October 03, 2006

Make Yourself Emotionally Attractive.

Stanley Marcus Jr. gave me one of the best pieces of business advice I’ve ever received. He and I were having lunch in Dallas, discussing the new economy and all of the opportunities it brought to the world. His acumen in retailing was incredible, yet his people skills were even better. I had just outlined my grand strategy to prepare myself for the next few years and the outline included education, experience and a bold move into the lucrative world of Internet advertising. Mr. Marcus sat there, with a bemused smile on his face; the kind you have when you are waiting for a young lad to stop talking, so you can give him some practical advise.

Stanley’s advice that day? “Don’t forget to make yourself (and your company) emotionally attractive. Good things happen to people who are attractive.” He went on to explain that the vendor with a good personality gets better information from her buyer, along with a bigger order. He asserted that if the retail customer likes you, you can do no wrong. Finally, he told me about the importance of having emotional benefits for your employees, and how that greatly impacts retention and customer “delight”.

From that day forward, I’ve been intrigued about the opportunities that emotional intelligence offers business people. I also understand that beyond emotional intelligence is emotional generosity – an outlook that can lead to highly likeable behavior.

In the course of writing my book (The Likeability Factor), I’ve done hundreds of thousands of pages of research and interviewed thousands of people just like you. We’ve hunted for the truth on why people like people and what a difference it makes in their behavior. Here’s the basic finding of the research: Your likeability factor reflects your personal capacity to consistently produce positive emotional experiences in other people. You have this capacity in good and bad times. You are natural and authentic, just smart when it comes to your emotions and more importantly, the emotions of other people.

We’ve learned that in the case of humans, you can make a bet on the “law of reciprocity”. This law states that people will reciprocate emotional experiences. Sometimes they reciprocate in a direct reflection (back at you) and other times they reciprocate in an indirect defection (at the next Customer, a coworker or family member). Emotions never pass through people good, bad or ugly. Research, such as Daniel Goleman’s Primal Leadership suggest that a positive mood state is directly related to business success through superior employee engagement and improved Customer satisfaction.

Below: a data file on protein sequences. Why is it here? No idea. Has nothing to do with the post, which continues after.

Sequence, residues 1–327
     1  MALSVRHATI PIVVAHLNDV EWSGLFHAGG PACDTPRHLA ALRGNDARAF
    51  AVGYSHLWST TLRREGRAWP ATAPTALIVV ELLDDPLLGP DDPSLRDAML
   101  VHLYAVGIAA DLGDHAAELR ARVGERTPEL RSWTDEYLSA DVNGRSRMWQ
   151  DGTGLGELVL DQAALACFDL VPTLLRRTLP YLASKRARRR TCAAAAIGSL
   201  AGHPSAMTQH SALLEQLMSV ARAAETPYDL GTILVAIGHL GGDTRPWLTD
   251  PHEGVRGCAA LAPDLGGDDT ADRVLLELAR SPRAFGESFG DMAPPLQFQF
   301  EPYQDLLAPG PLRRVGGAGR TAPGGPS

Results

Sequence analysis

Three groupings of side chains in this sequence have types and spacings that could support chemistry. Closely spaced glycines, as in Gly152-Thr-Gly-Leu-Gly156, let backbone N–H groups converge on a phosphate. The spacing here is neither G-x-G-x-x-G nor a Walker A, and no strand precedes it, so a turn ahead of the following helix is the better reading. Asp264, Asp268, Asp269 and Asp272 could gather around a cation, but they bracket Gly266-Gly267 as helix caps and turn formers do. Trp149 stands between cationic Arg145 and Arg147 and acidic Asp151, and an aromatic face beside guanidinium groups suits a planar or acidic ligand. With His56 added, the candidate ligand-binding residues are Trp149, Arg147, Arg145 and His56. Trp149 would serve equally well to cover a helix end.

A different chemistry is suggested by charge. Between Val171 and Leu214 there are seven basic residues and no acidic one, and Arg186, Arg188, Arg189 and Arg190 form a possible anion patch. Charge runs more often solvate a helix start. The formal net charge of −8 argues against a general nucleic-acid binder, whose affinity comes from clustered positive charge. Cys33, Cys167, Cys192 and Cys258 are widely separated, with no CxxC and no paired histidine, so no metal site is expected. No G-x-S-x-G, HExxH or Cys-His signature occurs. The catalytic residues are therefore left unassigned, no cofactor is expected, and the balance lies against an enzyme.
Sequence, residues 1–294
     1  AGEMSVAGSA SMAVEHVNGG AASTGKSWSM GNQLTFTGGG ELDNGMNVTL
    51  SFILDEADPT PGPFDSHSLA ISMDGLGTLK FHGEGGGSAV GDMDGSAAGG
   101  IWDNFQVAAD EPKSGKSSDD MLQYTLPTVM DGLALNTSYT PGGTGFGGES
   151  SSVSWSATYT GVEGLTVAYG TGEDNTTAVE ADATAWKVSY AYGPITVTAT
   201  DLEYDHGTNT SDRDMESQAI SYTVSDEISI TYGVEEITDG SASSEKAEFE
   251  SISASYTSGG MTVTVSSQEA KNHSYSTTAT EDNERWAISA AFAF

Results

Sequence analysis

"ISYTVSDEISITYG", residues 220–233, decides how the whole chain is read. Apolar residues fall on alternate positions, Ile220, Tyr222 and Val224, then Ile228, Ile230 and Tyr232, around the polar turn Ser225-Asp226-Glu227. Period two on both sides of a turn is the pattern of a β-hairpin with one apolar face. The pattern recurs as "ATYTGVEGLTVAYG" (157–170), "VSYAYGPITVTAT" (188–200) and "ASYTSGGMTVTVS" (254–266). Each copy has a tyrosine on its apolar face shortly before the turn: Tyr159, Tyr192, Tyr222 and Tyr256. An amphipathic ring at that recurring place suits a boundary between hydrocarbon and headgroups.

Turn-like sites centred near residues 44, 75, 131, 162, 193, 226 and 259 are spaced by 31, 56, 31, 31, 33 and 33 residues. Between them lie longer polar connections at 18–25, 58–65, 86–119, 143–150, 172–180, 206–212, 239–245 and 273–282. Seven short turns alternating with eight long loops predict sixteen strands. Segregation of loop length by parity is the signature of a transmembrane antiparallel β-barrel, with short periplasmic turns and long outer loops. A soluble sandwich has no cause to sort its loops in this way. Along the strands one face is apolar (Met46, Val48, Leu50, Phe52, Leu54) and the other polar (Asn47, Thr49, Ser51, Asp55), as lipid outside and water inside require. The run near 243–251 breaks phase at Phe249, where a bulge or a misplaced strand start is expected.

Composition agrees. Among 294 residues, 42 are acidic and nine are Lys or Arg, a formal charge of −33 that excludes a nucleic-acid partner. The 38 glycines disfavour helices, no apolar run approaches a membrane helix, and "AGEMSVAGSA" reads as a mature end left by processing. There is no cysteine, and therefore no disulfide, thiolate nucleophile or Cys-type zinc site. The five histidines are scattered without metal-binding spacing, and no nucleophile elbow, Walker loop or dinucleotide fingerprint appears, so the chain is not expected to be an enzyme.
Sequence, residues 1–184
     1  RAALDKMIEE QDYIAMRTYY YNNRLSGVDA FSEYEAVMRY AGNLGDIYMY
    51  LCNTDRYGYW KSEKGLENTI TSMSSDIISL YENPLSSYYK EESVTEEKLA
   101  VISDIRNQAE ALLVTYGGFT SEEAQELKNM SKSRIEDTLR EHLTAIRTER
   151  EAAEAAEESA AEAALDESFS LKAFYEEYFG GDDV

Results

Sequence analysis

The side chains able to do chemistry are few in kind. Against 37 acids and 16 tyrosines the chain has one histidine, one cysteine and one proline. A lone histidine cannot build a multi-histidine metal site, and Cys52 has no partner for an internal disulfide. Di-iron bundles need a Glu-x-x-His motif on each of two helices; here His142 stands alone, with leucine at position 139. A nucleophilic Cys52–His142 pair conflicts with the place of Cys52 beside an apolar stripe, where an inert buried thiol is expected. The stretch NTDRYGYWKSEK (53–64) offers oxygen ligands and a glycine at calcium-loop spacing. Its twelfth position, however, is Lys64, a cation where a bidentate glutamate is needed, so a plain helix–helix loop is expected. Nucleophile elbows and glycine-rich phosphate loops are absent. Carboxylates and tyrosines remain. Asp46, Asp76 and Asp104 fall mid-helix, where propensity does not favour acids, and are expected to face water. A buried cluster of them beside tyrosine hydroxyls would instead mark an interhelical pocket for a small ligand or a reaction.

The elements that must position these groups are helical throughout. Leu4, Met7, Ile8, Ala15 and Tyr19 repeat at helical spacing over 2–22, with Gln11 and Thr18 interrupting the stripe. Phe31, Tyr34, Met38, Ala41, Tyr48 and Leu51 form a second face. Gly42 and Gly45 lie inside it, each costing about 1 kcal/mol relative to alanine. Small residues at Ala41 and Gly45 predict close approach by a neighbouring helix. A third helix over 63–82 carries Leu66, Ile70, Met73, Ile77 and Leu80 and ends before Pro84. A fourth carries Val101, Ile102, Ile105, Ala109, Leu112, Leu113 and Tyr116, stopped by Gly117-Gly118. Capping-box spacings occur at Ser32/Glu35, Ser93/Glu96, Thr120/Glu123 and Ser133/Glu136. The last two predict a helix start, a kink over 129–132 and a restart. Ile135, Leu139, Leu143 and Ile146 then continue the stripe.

So the mood state counts. The mood state is a great predictor of future cash flow because it signals upcoming turnover and system break downs ahead. That is why leaders need to have a high likeability factor. That is why managers should learn to select their team players based on social skills, not just talent. We need to embrace the idea that the only path to Customer delight is a leadership/enterprise and business style of highly likeable behavior.

Consider these facts:
• A highly likeable sales person sells more than their neutral counterparts (the Customer gives her more information to win the sale, because she wants her to succeed).
• A highly likeable employee or executive is more likely to get a positive review (the boss is so comfortable with his report, that he gives him advice all year on how to exceed expectations).
• Likeable people do better in court. Likeable doctors are less likely to be sued for medical malpractice. Likeable plaintiffs win more often and get higher settlements. Likeable defendants are less likely to be convicted.
• Likeable patients get more time and follow up from doctors. Likeable parent’s kids get more time and follow up from doctors.

The list goes on and on, but here’s the point. You can do something about your likeability factor. Your consistency and capacity are the keys. All of you had a high likeability factor as a child (you were empty inside) and along the way, you lose capacity to absorb or understand emotions – even your own. My book gives you a system to approach your emotional attractiveness through four stages. Stay tuned for more.

Homework assignment. Download the L-factor self-assessment. If you are courageous, you can have someone that you work with answer the questions about you. Your score will range from a 1-9. The higher the better!

Posted at 4:07 PM in Business Effectiveness  |  Permalink  |  Comments (4)  |  TrackBack (0)

Comments

Commentor

Hi, I enjoy reading your book The Likeability Factor and tried to apply the knowledge in school. I get more friends now but I could not help feeling that some of them are take advantage of me during group assignments. They did not do their share and even if they did, it is a poor job. So can you advice me how to handle this situation? Alexius, 17

Commentor

Please start the RSS feeds option for your blog.

Commentor

In the review aspect, the Pygmallion efect is also involved.

Commentor

Tim,

Emotional Intelligence is definitely one of the key qualities for success. Some of us are naturals at it, some of us, especially when the world bounces off us (the dark side moments) need to really watch it. I wanted to reach out and let you know how much I've appreciated both your books and your blog.

If you're ever in the Philadelphia area and would like to do an event with Fast Company magazine readers' network look me up. You are definitely an emotionally attractive business leader.


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